The C-terminal Unique Region of S1a Confers the Low Cellular Level to the S1a Form

      The C-terminal 39-aa region is a unique region among the various forms of the hPRLR. To investigate whether this region may be responsible for the low expression of the S1a form as shown above, we first examined the effects of the unique region on the expression level of a heterologous protein. The entire unique 39-aa region was inserted into the intracellular domain at aa 442 of the long form (named LS1a) of the receptor. While the level of mRNA transcripts from the long and the chimeric LS1a forms in transfected cells remained similar (Fig.11B, lanes 5–8), the insertion caused a decrease in the chimeric protein level by ∼85% (Fig. 11B, lanes 1–4). We next examined the effects of deletion or point mutation within this region on the expression level of S1a protein. A deletion of the entire 39 aa from the S1a protein (truncated protein, “trunc”) increased the expression of the protein to a level comparable with the S1b protein (Fig. 11D,upper panel, lane 4). These results strongly suggested that the 39-aa region harbors a sequence that could affect the expression level of S1a and may be critical in determining the post-translational regulation of this protein. We further analyzed the effects of deletion or point mutation within the 39-aa region on expression levels of the S1a form. This region contains a basic hydrophilic central domain flanked by more hydrophobic regions. Deletion of aa 353–357 (YRPRK) (Fig.11C, lane 3) resulted in an increase by 1-fold, and this deletion along with a single mutation of K348N (Fig.11C, lane 4) resulted in a further increase by 110%. Due to the low level of S1a protein as detected on Western blot with the U5 monoclonal antibody against an epitope located at the extracellular domain of the hPRLR, we generated a rabbit polyclonal antibody against the C-terminal residues of the S1a form aiming at obtaining a specific reagent with improved sensitivity of detection. As shown in Fig. 11D, this anti-S1a antibody was found to be not only highly specific (Fig. 11D, lower panel, lane 2) but also of enhanced sensitivity (bands shown in thelower panel were obtained with 10 times shorter exposure than those in the upper panel with U5 antibody). Using this anti-S1a antibody, we showed that point mutation Lys-348 to Ala or Asn (Fig. 11E, lanes 3 and4) increased the level of both mutants by ∼2-fold compared with that of S1a wild type. These results, which confirmed the findings obtained with the U5 antibody, demonstrated that the amino acid residues within the YRPRK sequence and Lys-348 in the 39-aa region play significant roles in regulation of the post-translational process.
      Figure thumbnail gr11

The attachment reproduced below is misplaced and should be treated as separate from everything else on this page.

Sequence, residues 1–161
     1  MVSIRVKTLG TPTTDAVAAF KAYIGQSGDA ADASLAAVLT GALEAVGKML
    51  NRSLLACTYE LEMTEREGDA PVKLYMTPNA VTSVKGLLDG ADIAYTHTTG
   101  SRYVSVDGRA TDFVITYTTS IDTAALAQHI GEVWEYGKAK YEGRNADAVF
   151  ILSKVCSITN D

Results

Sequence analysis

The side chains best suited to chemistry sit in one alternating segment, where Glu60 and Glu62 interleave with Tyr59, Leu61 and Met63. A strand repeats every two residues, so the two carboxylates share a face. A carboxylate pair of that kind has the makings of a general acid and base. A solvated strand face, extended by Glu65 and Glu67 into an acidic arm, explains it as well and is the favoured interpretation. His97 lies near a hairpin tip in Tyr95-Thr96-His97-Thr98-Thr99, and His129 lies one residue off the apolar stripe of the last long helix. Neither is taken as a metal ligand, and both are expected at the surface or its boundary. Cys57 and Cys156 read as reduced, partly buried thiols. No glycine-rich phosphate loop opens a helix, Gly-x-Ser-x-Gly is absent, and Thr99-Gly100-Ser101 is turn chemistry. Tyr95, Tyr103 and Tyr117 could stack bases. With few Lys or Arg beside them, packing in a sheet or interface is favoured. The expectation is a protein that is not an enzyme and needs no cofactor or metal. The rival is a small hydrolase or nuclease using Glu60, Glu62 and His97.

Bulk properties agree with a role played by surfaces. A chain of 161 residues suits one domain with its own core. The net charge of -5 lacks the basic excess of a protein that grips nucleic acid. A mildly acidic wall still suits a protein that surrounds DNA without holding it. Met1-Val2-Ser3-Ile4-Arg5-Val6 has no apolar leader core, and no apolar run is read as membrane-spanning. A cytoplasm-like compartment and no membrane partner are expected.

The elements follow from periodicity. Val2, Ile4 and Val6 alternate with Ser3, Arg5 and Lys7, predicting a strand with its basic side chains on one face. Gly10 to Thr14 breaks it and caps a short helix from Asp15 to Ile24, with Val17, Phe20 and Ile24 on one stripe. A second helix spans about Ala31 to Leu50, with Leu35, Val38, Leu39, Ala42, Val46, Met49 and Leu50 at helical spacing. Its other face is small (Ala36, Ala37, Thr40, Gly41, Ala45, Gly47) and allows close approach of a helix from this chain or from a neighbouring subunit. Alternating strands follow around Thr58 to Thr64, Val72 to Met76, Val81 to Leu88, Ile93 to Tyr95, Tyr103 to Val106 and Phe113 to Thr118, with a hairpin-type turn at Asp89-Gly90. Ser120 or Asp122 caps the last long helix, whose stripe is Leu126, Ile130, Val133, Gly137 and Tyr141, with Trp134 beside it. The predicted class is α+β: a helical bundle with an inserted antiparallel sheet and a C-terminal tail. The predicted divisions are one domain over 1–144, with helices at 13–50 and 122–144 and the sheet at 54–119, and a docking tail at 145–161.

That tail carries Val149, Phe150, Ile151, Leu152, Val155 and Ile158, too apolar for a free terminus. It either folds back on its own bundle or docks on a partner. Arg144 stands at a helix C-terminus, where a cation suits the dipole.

Figure 11Western blot analysis ofhPRLRmutants in HEK293 cells.A, schematic representation of the long and S1a hPRLR forms and with insertion, deletion, and/or mutations. LS1a, the long form with the unique region of the S1a form; trunc, truncation of the C-terminal 39-aa region of S1a; S1a, wild type; ΔS1a, deletion (353YRPRK357); × and ▴, point mutations;Ab, specific anti-S1a antibody raised against a peptide of this region. The wild type and mutants of the hPRLR cDNA were transfected in HEK293 cells, and total cell proteins were analyzed by Western blot using anti-hPRLR antibody U5 (B–D) or using anti-S1a antibody (D and E).B, lanes 1–4, chimera protein LS1ais expressed at a reduced level compared with the long form;lanes 5–8, Northern blot hybridized concurrently with hPRLR extracellular domain and the β-actin probe showed that the level of the chimeric LS1a mRNA transcript had no reduction in transfected cells compared with the long form. C, deletion of 5 aa (aa 353–357) within the C-terminal 39-aa region of S1a increased the protein expression level. D, specificity of the S1a polyclonal antibody. hPRLR wild type and mutant forms were probed with U5 antibody, which recognizes all forms (upper) and with the anti-S1a specific antibody (lower). No bands in the identical blot were detected with preimmune IgG (not shown). E, Western blot detected with anti-S1a antibody. Point mutation of lysine (Lys-348) significantly increased the S1alevel.

      DISCUSSION

      In this study, we have identified two short forms, S1aand S1b, of the human PRLR that are generated from alternative splicing of exons 10 and 11 of the hPRLR gene. Both the S1a and S1b short forms were expressed as cell membrane receptors with much abbreviated intracellular domains. These human PRLR short forms were capable of ligand binding with binding affinities comparable with that of the long form. However, the two human short forms were unable to mediate the transcriptional activation of the β-casein promoter. This was likely due to the lack in the short forms of the C-terminal region of the long form of the receptor that is required for hormone-induced association and activation of Stat5 (
      • Ali S.
      ) and activation of the β-casein promoter (
      • Groner B.
      • Gouilleux F.
      ). Several subtypes of PRLR besides the long form (
      • Boutin J.M
      • Edery M.
      • Shirota M.
      • Jolicoeur C.
      • Lesueur L.
      • Ali S.
      • Gould D.
      • Djiane J.
      • Kelly P.A.
      ) were previously identified in rodents including the short and intermediate forms (
      • Davis J.A.
      • Linzer D.I.
      ,
      • Zhang R.
      • Buczko E.
      • Tsai-Morris C.H.
      • Hu Z.Z.
      • Dufau M.L.
      ,
      • Shirota M.
      • Banville D.
      • Ali S.
      • Jolicoeur C.
      • Boutin J.-M.